Long sleeve shirtLightweight, for cycling (sun protection)
Additional chargerOne charger for both the phone and water camera was not great, so bought one on the road
What I would have liked to have brought:
Down sweaterA lightweight one to add just a bit more warmth than I had
FunnelFor filling the fuel bottle
Wetsuit hoodThat water was super cold, would've been nice to have a hood

Detail of my cooking gear.  The green containers are really useful.  As mentioned, the lid of the larger one is what I used for a cutting board.  The semi-clear bowl is the one I bought instead of eating from the green storage container all the time.  The red thing in the bowl is the cleaning scraper.  The bottles are filled with olive oil, soy sauce, and tabasco.


2) Updates to the Bicycling the Pacific Coast and Adventure Cycling Maps (the standard book and maps that most people use along the route).  Both of them could use some updating.  Here are some items I thought would be worth highlighting:

- The fruit and vegetable checkpoint at the Oregon-California border is closed (and apparently has been closed for years).  So it is *not* necessary to eat or throw out all fruits and vegetables before entering CA as it lists in the book.

- Hidden Springs campground in CA does not have an official hiker biker site, but it seems that the rangers there are quite accommodating (CA website lists that they will accommodate as needed)

- Scotia, CA has a great market with a nice selection of food

- Klamath, CA and Orick, CA have a very limited selection of food at the markets there - so better to buy groceries in Crescent City, CA

- Redwood Lily hostel in Arcata, CA offers a 10% bicyclist discount (for example, rate at the time for a bed in a shared room would then be $36 v. $40 regular rate)

- There is no longer a full service bicycle shop in Garberville, CA.  However, if you ask for Robert at Allsports and Toy, he may be able to help

3) Gratitude

I have felt so, so fortunate to have had so many people help me along the way on this trip.  I'm not sure if I am capturing everyone but I wanted to call out the following:

- Housing (Zac, Sue, Katie/St Paul’s)

- Ride and journey help (Zac, Sue, Ted and Lina, Rosemary, Geri and Sandy)

- Looking after my place (Ana, Tim, Joey)

- Advice (Dad, Tina, Aunty Betty and Uncle Stanley, Alice, Bill, Jason, Omari, Rob, Rich, Yeh, Jeff, Geoff, Hemant, Pierre, Amy, Jonathan, Brandon, Zach, Bosco, Matthew, Adrien, Grant, Rob, Lexi, Giles, Oliver, Per, Jon)

- Food (Sue, Marie)

- Fuel, soap (the Hardys, Caroline)

- Gifts (Louise, Yana, Sue, Agate Beach couple, Ariel)

- Inspiration (everyone I met)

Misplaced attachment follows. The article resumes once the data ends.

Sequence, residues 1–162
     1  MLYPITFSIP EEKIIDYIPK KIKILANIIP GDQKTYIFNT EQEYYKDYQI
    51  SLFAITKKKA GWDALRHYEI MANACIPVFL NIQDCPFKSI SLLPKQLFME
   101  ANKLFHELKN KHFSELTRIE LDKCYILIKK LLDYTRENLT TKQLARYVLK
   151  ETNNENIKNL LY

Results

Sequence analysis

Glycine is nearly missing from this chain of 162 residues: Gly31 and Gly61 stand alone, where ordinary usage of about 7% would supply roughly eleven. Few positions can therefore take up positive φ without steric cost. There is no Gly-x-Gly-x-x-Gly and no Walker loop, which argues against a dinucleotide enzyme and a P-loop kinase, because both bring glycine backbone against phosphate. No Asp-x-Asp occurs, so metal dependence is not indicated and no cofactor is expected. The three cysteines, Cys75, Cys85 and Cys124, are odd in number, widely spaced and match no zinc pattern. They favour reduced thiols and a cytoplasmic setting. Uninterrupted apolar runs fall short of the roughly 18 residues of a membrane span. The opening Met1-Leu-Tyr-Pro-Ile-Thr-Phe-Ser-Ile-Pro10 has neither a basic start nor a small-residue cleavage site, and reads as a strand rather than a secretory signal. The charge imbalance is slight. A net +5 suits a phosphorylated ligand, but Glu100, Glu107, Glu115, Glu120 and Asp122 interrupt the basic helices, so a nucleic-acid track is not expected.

Tuesday, August 26, 2014

Final stretch. People: Tamarr. Claire and Adam.

Home sweet home.


I stayed at a hotel along the coast with only a day's bicycle ride left of the journey.  I had a quiet night and didn’t have to break out my stove and cook on the roof or anything here as the main restaurant in town had a nice vegetarian option on the menu (good thing as I was out of food and arrived after the market had already closed). :)  I was definitely feeling sad about it being my last night on the road, but also excited to be getting home.

The weather the next day was perfect - sunny but not too hot.  After my morning meditation and tai chi chuan practice, I rode slowly and was glad to get to appreciate the beauty of the scenery near home.  



Monocular-cam photo of turkey vultures by the coast.


I stopped by the Pigeon Point lighthouse.  


It was neat to see such an awesome Fresnel lens.  I was excited to see Fresnel lenses on display at lighthouses in Oregon, only to realize at Pigeon Point that there is a huge lens so close to home.


I stopped at two places which offer bicyclist discounts - Pie Ranch (tasty pies and fresh produce) and Swanton Farms (super sweet strawberries - much better than ones from the big berry company that begins with a 'D', I have heard concerns about 'D' company's business practices and treatment of workers... so I really like that we have local farms like Swanton).   A bicyclist discount is a nice positive incentive for folks to bike.


Tamarr at Pie Ranch is also a bicyclist - in fact, she cycled once to Pie Ranch and liked it so much that she decided to stay. This was a similar story to the bicyclist at the hotel in Point Arena.  I thought that was really cool and maybe it's good that I hurt my back so that it forced me to go home... otherwise, who knows where I might have just decided to stay (and there were so many incredible places along the trip).

I also met Claire and Adam who are cycling from Alaska to Argentina.  


That’s a pretty serious trip.  We had a fun discussion about cycling and gear.  We also figured out that we knew Marie and had camped one night apart at Cape Blanco.  Marie was the cool woman from Quebec who had offered me quinoa at Cape Blanco - it was neat to have a connection to Marie and to an earlier point in my trip via Claire and Adam.

Reaching Santa Cruz was quite exciting.  It was so nice to see familiar sights.  There was a small swell and it was incredibly tempting to go in for a celebratory 'back home' surf.  However, I was feeling it in my back and managing to fight the urge to help myself with recovery.


I reached home. After taking the bags off my bike and putting them in the house, the first thing I did was then bicycle to the grocery store.  I must admit, getting on a bicycle felt like the last thing I wanted to do just after getting home, but I thought I ought to stick with my bicycle life habits.  It’s my normal routine at home to cycle to the grocery store but I only bought about two days’ worth of food - guess I was still on the bicycle tour mindset.  I did however buy things that are hard to buy when bicycle touring (fruit that crushes easily, for example).